I furthermore do not understand young people who want to live in New York City. I want to be close to nature–everyday! I’ve been to New York. I’d visit again. Both Mom’s and Dad’s side have a history there. For me, New York is TOO loud. I get some people need their job in NYC, find good opportunities and jive with the fast pace and culture. But I want people to look at me and see beautiful forests, mountains and lakes–not think of big buildings! I don’t get people who do something in NYC they might as well do in Vermont, for example. Just to be cool, eh? Whatever. Obviously some writers thrive in “the big apple.” I’ll eat a pear with sand instead.

Last year I confessed to my sixth grade crush

Last year I confessed to my sixth grade crush. I did not remember my sixth grade crush until I saw a random picture online in 2013. I don’t think I considered him a crush at the time. But today I realize it was a crush; the tween example of my typical teenage: Don’t go there; you aren’t allowed.

In truth the picture wasn’t exactly random. Basically, I was researching on the public high school I would have attended had my family not moved. Looking back, I probably would have ended up in private school due to my circumstances. Nevertheless, in my mind, there is this entire alternate life going on and last year I finally decided to let it play out and move on from this over-rated fantasy. At one point I came across a picture of “my crush” via someone else’s profile. I remembered the uncomfortable feelings he gave me and was like, Oh yeah. Let’s deal with this. So I said I liked you. Who knows if I’d like him today! But I felt something for him then and decided to show myself I’m not that girl anymore. He IS real and whatever he brought up in me isn’t going anywhere. Therefore, I reentered this place from twelve years ago and dealt (in my own head) with my feelings “through” the person who uncovered them!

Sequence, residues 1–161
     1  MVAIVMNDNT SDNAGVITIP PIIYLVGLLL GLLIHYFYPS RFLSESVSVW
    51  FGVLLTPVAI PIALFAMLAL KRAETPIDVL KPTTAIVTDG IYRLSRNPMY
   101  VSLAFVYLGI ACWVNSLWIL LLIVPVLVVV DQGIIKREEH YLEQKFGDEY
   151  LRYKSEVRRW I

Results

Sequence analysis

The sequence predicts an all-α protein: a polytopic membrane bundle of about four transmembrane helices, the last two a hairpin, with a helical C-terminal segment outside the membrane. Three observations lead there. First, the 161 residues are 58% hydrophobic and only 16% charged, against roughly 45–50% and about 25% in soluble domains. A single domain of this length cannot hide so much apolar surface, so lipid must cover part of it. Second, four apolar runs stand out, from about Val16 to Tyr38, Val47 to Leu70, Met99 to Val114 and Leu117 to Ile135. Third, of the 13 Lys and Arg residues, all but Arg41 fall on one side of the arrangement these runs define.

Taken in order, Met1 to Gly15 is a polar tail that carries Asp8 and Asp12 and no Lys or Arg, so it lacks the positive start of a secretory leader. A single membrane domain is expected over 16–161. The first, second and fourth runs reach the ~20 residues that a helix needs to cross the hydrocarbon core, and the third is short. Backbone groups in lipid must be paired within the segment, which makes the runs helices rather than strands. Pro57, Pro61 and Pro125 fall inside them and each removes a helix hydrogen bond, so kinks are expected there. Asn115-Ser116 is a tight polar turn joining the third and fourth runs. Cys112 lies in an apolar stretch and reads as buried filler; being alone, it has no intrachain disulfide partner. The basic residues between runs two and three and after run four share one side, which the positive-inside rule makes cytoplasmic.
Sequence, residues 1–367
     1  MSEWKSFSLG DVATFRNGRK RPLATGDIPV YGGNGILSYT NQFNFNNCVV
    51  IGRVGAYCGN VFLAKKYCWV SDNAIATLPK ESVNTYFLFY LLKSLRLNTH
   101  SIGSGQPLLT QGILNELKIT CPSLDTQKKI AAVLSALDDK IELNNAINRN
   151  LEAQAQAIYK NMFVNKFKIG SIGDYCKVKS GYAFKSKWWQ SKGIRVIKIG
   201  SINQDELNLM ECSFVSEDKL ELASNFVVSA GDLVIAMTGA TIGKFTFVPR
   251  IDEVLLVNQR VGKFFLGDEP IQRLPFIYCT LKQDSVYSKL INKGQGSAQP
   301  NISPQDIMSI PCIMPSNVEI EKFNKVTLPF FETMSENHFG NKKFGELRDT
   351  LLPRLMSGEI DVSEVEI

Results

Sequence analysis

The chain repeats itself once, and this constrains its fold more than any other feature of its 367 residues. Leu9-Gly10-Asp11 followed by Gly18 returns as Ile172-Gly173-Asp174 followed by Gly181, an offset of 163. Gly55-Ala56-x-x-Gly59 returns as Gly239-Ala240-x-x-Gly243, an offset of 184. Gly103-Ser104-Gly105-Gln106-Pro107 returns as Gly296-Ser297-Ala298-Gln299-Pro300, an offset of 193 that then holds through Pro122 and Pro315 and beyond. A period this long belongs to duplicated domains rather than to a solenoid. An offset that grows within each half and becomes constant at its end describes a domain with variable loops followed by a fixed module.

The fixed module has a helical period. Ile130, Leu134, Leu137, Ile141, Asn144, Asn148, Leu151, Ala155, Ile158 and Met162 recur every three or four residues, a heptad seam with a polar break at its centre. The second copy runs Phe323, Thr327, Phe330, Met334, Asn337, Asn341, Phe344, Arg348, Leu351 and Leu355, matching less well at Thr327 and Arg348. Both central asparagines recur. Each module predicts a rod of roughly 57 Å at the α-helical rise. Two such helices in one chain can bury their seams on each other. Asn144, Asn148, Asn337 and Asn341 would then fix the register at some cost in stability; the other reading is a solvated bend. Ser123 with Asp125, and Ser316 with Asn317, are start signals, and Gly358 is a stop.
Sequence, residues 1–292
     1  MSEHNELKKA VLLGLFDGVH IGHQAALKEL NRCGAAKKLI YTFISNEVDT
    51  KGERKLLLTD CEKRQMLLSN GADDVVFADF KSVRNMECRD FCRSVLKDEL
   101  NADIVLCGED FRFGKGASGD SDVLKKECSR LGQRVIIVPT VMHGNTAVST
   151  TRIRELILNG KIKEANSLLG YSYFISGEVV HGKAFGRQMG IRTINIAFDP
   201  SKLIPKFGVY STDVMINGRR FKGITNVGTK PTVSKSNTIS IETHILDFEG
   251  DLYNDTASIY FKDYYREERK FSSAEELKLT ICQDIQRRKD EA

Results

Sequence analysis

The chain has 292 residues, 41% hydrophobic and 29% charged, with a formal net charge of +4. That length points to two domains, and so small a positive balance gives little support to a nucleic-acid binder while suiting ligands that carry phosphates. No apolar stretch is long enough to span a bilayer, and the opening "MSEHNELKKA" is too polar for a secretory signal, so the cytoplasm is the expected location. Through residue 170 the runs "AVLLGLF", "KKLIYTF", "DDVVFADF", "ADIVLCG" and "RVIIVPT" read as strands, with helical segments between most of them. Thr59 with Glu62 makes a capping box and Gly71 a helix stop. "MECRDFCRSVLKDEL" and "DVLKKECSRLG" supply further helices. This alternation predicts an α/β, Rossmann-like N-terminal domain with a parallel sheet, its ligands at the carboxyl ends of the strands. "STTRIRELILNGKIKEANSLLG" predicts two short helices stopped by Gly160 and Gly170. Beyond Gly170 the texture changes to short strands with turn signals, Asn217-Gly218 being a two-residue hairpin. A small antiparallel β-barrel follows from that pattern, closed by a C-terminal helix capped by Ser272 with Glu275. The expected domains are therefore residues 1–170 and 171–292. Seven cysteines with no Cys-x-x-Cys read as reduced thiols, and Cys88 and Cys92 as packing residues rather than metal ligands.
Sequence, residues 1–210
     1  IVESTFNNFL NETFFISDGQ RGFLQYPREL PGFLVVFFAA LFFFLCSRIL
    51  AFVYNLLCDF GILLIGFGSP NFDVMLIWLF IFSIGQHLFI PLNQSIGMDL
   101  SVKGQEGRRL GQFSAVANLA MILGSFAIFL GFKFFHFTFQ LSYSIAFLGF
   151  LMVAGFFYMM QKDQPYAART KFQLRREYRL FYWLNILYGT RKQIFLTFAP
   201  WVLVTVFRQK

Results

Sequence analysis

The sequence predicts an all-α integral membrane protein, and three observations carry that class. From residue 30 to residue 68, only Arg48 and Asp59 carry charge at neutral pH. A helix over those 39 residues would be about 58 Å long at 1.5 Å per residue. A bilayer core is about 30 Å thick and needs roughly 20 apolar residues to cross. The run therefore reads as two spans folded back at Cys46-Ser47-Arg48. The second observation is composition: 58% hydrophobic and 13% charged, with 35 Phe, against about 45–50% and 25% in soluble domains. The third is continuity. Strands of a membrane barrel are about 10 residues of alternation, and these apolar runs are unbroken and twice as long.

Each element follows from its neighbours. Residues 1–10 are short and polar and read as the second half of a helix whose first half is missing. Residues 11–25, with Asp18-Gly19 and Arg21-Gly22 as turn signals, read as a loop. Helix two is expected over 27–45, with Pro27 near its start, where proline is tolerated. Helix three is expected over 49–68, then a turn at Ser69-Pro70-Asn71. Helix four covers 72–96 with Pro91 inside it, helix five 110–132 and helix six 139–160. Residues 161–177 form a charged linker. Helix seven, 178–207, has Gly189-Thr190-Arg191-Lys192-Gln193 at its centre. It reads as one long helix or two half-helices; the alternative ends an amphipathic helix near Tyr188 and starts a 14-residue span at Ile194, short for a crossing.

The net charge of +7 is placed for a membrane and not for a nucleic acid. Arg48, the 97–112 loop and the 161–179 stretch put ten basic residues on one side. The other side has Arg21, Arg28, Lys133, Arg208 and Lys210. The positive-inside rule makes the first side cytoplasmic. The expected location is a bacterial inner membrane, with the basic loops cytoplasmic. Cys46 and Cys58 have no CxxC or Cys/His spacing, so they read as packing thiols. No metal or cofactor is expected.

I actually think I had two sixth grade crushes. The one I confessed to, and another one whose name I can’t remember and had a completely different look and personality. The second one I was more friendly with; we played sports. With him there could have actually been something. The first sixth grade crush was more like the seventh grade crush in the sense that I couldn’t touch. The only reason I maybe did was because my peer group at the time overlapped with his. But I couldn’t get into it and didn’t know what to make of what he brought up in me. There wasn’t space in my life with basketball and “friends.” I never told anyone, not even Mom! Although I did kind of have an elementary school crush early on, he was cute but not particular to me. The sixth grade crush was completely different, closer inside (even from a distance) and the first of a specific type. What’s funny is, another boy ended up asking me out in sixth grade. I didn’t know him. His friend approached me for him. Or maybe his friend approached my friend. In the cafeteria at lunch. That’s about how far it got!

10 memorable pieces from the first 110 pages of SICK

  1. “Whereas others tried to distract themselves from acknowledging the tension at home, I could not help but notice it, and usually found myself caught in the middle of the mess.” page 18